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About the Artist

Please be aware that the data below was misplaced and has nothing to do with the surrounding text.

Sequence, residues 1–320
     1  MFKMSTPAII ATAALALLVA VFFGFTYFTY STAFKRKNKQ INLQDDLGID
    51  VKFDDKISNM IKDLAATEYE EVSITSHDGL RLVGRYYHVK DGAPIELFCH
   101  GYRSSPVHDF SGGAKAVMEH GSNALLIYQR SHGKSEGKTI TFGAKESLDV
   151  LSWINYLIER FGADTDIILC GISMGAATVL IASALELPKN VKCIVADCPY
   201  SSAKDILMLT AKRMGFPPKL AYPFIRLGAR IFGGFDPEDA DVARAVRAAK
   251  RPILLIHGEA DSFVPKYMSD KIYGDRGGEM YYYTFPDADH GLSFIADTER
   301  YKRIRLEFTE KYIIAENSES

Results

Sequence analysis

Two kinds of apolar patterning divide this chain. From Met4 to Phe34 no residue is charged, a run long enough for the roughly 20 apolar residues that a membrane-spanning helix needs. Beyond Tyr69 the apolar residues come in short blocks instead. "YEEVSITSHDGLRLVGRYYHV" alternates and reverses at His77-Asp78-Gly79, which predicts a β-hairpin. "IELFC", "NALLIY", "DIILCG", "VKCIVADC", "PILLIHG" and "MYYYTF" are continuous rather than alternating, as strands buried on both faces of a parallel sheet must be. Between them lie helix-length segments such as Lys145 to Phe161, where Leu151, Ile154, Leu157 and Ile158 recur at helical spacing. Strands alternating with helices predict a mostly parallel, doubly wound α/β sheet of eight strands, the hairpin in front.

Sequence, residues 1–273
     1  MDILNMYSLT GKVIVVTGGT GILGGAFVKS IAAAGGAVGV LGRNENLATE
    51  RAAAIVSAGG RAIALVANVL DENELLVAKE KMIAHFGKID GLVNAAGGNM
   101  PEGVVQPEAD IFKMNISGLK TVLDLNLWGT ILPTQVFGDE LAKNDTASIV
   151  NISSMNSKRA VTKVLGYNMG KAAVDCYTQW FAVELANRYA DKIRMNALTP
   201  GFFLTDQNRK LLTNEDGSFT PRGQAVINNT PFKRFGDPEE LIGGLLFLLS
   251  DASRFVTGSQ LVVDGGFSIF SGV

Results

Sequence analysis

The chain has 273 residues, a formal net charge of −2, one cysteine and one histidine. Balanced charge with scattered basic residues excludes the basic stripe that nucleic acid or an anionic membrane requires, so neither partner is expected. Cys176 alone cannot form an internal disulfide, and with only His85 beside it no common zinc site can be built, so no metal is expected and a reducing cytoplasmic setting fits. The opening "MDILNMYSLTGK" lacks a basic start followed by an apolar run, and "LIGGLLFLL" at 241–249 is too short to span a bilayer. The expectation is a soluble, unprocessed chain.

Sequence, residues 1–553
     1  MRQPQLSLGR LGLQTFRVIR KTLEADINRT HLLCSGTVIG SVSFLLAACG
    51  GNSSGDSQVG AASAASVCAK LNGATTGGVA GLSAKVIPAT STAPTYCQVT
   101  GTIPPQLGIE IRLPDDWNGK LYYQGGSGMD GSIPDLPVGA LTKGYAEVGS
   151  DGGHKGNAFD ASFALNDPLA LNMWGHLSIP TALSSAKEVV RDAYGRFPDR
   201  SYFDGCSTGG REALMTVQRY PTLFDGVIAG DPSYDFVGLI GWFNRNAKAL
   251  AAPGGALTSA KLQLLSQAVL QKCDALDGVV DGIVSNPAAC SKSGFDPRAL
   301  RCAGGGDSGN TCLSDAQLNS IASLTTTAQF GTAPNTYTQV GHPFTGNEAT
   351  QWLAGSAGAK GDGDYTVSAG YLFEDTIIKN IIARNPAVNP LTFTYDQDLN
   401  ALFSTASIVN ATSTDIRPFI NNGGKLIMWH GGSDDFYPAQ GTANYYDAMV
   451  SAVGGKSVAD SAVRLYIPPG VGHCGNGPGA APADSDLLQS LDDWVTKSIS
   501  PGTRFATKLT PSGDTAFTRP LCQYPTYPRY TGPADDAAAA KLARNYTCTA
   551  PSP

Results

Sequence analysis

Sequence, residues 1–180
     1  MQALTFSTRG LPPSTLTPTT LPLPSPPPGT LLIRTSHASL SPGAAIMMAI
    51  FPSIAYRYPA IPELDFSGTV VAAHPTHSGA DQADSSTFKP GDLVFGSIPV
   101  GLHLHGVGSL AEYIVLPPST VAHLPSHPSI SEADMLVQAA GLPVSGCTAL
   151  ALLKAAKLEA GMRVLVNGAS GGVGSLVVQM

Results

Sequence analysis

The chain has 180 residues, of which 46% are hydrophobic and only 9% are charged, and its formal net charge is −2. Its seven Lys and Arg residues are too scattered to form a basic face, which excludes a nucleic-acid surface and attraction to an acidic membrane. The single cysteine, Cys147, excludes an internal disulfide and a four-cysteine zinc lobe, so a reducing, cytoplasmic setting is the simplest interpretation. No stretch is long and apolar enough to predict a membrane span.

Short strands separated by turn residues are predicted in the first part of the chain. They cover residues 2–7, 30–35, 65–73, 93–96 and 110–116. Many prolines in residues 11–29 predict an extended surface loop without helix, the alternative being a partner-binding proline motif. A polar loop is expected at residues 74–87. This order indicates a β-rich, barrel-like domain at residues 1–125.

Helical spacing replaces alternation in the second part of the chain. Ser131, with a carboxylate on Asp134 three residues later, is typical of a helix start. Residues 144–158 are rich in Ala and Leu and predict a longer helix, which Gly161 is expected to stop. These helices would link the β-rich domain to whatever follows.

I create abstract paintings using alcohol inks (AI). Using this relatively new medium, inks are suspended in isopropyl alcohol and applied to a non-porous surface which allows them to glide on the substrate until the alcohol evaporates, leaving the ink behind. AIs can be returned to their fluid state by adding more ink and/or more clear alcohol. Depending on the porosity of the substrate, AI's can be effectively erased if desired. Inks are manipulated using a variety of tools including isopropyl alcohol, paintbrush, gravity, and/or a low-wattage blower. Ink can be removed using a watercolor brush pen and clear isopropyl alcohol. When making a painting with AI, there is no warmup or preparation of the inks because they are ready to go out of the bottle. So, when I begin an AI painting, I typically start with a short meditation to get into my creative zone. I start with 1-3 colors that bring me joy in that moment. The colors may be inspired by something in nature outside my studio window, my mood, or even the mood set by the weather outside. Sometimes I start with a vague intention, knowing that AIs have a mind of their own. I use AIs in combination with fine pen work to create organic forms and shapes, many of which have botanical elements. I work with AIs in a give-and-take fashion. I like to first follow the ink's lead, allowing naturally occurring shapes and lines to unfold as I work with a low-voltage blower and clear blending fluids. Once I am happy with the forms, composition, and color gradients, I add controlled lines and shading to enhance the ink's natural expression. I go back and forth between these steps while I'm painting, giving space for the inks to naturally react to one another and applying my own controls until the image(s) and overall composition coalesce. The painting Epiphany started with the intention of creating solid, heavy lines of ink in the middle of the large paper (30 x 40 inches). The lines of ink were dried and layered with metallic gold to the point there was a subtle texture. Although I was pleased with the intensity of the inks and the simple balance of the composition, it felt unfinished. The painting sat - for six months. I came back to it periodically in those six months, painting it in my mind's eye but never satisfied with my vision. Finally, I decided to erase a diagonal line across the top third as a way to start over. What emerged was a stain of the ink because the ink had sat for so long. I don't remember any decision-making process after this. I simply saw the abundance of botanical-inspired forms and began applying ink, hence the name of the painting. I painted the remaining forms and lines over the next several days, balancing free-form circles with precise lines and working within a grid of thirds. Fine details were added with Posca acrylic pens and felt-tip drawing pens. Whether I begin a painting with a specific intention or not, my heart races at the start of each new painting in anticipation of what will happen. For me, the joy of working with fluid mediums is their unpredictable nature. It is my hope that my artwork pulls viewers in and makes them curious about what they are seeing. When people stop and stare at a piece and then tell me what they see, I believe an important exchange is taking place between the artist and viewer. They are often asking my permission to see what is in their imagination. Similar to how I follow the lead of the ink when painting, I enjoy following the lead of the viewer, always supporting their unpredictable imagination.